Chapter 4. Clinical Operations

Dental Office Technology

Should the clinic consider using DIAGNOdent to diagnose dental decay?

DIAGNOdent is a laser-probe handpiece that uses 1-milliwatt, 655-nanometer wavelength light for the detection of tooth decay. It works by shining pulsed light of a known wavelength onto the tooth surface via specially-designed tips. After a baseline measurement of the patient's healthy tooth structure is made, the tip is placed on questionable areas of the tooth and slowly rotated or rocked with a pendulum-like motion. The unit's internal processor interprets changes in the level of fluorescence of the light emitted back by the tooth as indicative of caries. A numerical reading is displayed on the front of the unit and an audible signal is sounded. KaVo America claims that the device works through non-cavitated tooth structure and can be used, over time, to monitor changes in the degree of decalcification of a suspect area.

Photo of DIAGNOdentBader and Sugars published a systematic review of the literature on DIAGNOdent in the October 2004 issue of the Journal of the American Dental Association. (Bader JD, Shugars DA. 2004. A systematic review of the performance of a laser fluorescence device for detecting caries. Journal of the American Dental Association, 135:1413-1425.)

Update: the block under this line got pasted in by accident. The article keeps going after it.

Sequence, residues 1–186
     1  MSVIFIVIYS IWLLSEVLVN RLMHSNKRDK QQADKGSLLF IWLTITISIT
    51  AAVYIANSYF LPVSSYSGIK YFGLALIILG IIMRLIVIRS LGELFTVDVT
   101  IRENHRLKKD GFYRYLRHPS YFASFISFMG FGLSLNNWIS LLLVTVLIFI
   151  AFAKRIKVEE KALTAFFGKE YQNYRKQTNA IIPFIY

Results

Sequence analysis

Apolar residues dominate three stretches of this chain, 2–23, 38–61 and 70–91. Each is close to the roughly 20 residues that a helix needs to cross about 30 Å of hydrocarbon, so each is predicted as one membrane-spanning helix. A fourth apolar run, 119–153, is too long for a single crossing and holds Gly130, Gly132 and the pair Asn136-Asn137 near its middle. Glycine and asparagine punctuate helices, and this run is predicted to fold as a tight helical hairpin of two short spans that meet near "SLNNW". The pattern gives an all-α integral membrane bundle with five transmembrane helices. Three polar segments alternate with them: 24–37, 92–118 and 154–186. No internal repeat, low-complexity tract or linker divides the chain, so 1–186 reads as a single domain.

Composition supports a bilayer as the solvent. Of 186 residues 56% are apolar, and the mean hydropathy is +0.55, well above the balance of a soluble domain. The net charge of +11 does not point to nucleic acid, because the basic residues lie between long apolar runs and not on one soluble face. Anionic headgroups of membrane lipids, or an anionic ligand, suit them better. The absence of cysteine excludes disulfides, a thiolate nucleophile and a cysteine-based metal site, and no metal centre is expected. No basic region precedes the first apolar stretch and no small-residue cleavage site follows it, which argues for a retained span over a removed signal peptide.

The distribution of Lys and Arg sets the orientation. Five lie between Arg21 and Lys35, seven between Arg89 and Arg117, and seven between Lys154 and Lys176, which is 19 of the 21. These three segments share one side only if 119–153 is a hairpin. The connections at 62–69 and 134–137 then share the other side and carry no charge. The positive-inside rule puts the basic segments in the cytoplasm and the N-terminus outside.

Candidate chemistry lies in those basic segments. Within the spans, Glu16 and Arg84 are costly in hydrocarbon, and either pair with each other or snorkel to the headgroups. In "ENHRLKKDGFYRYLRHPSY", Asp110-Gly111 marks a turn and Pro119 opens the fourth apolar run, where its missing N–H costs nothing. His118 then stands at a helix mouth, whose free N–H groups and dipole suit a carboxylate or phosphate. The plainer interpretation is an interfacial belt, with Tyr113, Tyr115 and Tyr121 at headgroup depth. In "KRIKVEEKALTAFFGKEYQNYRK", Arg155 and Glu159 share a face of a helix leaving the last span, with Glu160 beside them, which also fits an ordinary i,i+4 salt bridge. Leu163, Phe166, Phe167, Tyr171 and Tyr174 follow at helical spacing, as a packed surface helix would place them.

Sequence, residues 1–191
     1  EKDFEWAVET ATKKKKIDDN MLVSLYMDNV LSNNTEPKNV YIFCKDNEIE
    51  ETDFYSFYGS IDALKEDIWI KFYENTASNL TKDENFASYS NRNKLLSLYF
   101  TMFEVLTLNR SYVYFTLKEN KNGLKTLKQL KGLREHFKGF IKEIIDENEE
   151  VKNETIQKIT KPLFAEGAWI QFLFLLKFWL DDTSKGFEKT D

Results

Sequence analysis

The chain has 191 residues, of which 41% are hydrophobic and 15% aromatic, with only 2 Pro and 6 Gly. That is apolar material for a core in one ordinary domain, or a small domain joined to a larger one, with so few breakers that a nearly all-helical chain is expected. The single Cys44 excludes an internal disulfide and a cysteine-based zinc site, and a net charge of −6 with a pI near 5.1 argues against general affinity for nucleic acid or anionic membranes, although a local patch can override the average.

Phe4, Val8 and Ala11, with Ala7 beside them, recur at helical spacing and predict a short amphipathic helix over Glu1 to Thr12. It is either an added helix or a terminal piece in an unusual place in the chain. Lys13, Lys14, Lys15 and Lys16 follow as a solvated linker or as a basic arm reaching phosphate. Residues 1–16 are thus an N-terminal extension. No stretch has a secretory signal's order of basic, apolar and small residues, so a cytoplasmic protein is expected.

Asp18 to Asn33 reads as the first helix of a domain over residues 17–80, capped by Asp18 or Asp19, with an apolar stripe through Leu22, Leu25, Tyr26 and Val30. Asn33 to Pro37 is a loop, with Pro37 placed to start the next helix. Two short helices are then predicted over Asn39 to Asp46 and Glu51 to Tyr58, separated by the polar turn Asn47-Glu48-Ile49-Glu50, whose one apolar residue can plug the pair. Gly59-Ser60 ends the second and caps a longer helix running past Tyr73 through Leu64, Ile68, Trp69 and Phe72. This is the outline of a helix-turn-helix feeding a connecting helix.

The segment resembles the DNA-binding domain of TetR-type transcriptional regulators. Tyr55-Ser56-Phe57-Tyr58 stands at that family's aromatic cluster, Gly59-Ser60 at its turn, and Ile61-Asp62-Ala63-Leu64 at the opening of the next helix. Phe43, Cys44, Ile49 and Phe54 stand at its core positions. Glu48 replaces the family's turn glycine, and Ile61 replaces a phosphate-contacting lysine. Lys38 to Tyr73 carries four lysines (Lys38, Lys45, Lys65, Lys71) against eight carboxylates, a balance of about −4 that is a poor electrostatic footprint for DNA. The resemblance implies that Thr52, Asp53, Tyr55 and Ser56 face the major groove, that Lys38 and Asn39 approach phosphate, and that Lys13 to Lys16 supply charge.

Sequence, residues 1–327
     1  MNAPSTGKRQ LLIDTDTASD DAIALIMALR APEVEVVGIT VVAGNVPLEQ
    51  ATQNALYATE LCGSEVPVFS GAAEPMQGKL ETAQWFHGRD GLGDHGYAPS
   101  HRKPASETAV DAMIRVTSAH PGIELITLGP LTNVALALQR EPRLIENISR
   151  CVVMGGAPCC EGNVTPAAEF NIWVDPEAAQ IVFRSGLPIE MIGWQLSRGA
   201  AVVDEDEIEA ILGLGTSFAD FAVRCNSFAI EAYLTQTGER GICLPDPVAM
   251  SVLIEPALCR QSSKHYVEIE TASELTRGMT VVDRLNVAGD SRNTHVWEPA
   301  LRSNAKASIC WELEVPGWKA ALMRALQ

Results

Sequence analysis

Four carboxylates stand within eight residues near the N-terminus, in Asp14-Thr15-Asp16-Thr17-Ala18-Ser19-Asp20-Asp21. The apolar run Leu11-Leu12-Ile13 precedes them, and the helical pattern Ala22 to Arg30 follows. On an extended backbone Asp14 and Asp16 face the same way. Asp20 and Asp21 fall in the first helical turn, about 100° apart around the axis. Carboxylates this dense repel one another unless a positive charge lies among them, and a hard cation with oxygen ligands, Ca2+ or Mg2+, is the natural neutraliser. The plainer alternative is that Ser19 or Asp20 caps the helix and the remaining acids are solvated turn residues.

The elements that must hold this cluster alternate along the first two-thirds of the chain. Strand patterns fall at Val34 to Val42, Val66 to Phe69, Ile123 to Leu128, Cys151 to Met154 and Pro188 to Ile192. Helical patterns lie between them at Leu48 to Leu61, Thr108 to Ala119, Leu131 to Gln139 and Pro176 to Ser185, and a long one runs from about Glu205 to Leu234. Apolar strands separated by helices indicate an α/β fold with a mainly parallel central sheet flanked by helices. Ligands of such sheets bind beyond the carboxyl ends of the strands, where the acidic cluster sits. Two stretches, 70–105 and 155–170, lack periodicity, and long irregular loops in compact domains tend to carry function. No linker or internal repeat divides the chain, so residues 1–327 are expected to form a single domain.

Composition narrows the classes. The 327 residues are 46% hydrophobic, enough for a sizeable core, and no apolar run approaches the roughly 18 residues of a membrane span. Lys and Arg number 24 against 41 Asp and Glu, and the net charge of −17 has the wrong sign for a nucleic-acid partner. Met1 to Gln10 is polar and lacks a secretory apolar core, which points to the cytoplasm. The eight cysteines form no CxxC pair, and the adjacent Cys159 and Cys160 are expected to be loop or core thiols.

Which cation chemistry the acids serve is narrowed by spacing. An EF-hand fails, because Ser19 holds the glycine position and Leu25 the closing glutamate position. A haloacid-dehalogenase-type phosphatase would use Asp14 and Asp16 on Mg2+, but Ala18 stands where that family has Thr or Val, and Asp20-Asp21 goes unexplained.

Twenty-five studies were included in the review. The authors concluded from their literature review that DIAGNOdent is more sensitive (i.e., detecting caries when it actually exists) than traditional diagnostic methods. However, the device is less specific (i.e., not detecting caries when it does not actually exist) than visual methods, leading to potentially more false-positive diagnoses. Unfortunately, a false-positive diagnosis of dentinal caries may lead to tooth preparation with irreversible damage. The reviewers concluded that DIAGNOdent should not be relied upon as a clinician’s primary diagnostic tool. However, clinicians could use the device after visual/tactile examinations to provide additional information about the chances of disease on the surface in question or to identify surfaces with demineralization to signal the use of preventive services such as fluoride varnish or sealants.

The Air Force Dental Evaluation and Consultation Service wrote the following comments about this study:

“The diagnosis of occlusal caries may be highly subjective. Restorative intervention on the basis of poor diagnostic information could lead to overtreatment. Visual and tactile methods alone, in the absence of cavitation, generally have relatively poor diagnostic capability for occlusal surfaces. Radiographs tend to only reveal significant caries. There is an obvious need for diagnostic methods that can accurately detect dentinal involvement at an earlier stage. As new diagnostic technologies emerge, they must be thoroughly investigated and evaluated before clinical use. According to this review article DIAGNOdent is more sensitive than traditional diagnostic methods, however, the increased likelihood of false-positive diagnoses limits its usefulness as the principle diagnostic instrument.”

Read a scholarly review pdf of DIAGNOdent.



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